Nonemployer businesses have no paid employees, have annual business receipts of $1,000 or more ($1 or more in the construction industries) and are subject to federal income taxes. Among the 50 counties with the largest number of nonemployer establishments, Wayne County, Mich. — home to Detroit — led the nation with a 6.8 percent increase of nonemployer establishments between 2007 and 2008, followed by Harris County, Texas — home to Houston — with a 5.6 percent increase, and Miami-Dade County, Fla., with a 3 percent increase. (See Table 2 Excel | PDF).
These figures are from Nonemployer Statistics: 2008, an annual report on businesses without paid employees classified in nearly 300 industries for the nation, states, counties and metropolitan areas.
“Nonemployer businesses make up the majority of all U.S. businesses yet average less than 4 percent of all receipts. Many of these are self-employed individuals whose businesses may or may not be their primary source of income,” said C. Harvey Monk Jr., associate director for economic programs at the U.S. Census Bureau. “This is the only source available to get information on the number of establishments and receipts at the local level for these businesses and the industries they comprise.”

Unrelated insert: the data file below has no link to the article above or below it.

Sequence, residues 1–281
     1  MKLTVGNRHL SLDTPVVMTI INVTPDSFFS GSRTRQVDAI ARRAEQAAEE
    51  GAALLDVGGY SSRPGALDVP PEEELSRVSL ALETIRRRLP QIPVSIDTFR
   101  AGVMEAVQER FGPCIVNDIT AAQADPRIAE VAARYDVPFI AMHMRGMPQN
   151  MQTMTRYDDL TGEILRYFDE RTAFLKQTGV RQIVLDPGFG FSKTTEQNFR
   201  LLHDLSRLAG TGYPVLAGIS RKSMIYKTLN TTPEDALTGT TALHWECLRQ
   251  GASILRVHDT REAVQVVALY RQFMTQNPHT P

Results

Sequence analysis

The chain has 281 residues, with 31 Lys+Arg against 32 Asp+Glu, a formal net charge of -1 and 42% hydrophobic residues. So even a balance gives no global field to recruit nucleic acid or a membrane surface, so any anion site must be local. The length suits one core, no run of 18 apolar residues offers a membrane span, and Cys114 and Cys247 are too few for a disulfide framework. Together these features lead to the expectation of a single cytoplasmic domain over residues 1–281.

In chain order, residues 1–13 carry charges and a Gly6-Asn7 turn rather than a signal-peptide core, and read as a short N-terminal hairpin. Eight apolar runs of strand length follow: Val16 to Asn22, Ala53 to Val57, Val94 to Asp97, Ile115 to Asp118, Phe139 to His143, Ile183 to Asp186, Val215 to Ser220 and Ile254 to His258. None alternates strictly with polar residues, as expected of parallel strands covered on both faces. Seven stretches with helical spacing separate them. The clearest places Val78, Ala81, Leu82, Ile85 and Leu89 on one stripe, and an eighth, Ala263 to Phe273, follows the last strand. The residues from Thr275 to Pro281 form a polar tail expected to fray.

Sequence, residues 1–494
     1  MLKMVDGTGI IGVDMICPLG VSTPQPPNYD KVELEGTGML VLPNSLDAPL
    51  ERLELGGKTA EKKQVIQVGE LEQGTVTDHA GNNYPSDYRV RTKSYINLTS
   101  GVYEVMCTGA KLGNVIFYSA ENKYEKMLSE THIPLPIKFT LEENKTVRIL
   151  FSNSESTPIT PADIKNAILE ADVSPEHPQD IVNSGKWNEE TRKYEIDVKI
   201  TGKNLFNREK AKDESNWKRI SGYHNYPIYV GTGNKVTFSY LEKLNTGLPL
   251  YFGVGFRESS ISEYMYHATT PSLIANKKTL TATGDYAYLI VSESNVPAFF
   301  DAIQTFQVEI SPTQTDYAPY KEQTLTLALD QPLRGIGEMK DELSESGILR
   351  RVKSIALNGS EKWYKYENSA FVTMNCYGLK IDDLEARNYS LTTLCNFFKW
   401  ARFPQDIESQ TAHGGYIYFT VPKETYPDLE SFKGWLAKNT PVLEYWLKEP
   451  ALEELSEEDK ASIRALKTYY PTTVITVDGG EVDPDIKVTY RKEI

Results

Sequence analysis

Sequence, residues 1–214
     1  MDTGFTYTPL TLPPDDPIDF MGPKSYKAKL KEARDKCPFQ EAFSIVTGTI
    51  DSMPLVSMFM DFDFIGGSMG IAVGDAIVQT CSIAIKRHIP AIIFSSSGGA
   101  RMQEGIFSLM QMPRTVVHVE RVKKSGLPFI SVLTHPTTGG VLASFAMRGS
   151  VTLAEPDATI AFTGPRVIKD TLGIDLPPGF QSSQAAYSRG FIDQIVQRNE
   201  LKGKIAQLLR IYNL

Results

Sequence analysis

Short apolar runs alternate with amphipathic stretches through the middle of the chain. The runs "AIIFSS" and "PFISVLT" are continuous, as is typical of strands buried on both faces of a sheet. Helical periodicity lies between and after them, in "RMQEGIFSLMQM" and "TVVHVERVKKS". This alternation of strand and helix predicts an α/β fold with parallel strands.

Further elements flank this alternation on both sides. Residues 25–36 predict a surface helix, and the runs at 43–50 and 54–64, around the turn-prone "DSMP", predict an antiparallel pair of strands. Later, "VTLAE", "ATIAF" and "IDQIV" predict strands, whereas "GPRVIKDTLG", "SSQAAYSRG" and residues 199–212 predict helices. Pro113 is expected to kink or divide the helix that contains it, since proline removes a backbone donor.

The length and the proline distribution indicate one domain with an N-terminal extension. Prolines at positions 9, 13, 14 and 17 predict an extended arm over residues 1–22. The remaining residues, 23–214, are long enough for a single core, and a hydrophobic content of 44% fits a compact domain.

Maine experienced the largest decline in establishments with a 4.2 percent decrease between 2007 and 2008, followed by Delaware with a 3.8 percent decrease and Nevada with a 3.7 percent decrease. (See Table 1 Excel | PDF).
The nursing and residential care facilities industry reported an 8.9 percent increase in nonemployer businesses in 2008; this represented approximately 5,000 additional establishments nationwide. There were 60,322 nonemployer businesses in this industry in the U.S., which reported more than $2.1 billion in receipts, an average of more than $35,000 per location. Miami-Dade County, Fla. (3,434), Los Angeles County, Calif. (3,022), and Broward County, Fla. (1,500), had the most nonemployer nursing and residential care facilities.
The offices of real estate agents and brokers industry reported a noticeable decrease in the number of nonemployer businesses in 2008 with 700,275 establishments reported, a decline of 11.4 percent from the previous year. Across the U.S., receipts decreased by $6.5 billion.
This data set covers 18.8 million sole proprietorships, 1.5 million corporations and 1.1 million partnerships, which together comprise the total number of nonemployer businesses. Nonemployer Statistics excludes businesses with paid employees; these data are covered in County Business Patterns, which will be updated at the end of July 2010.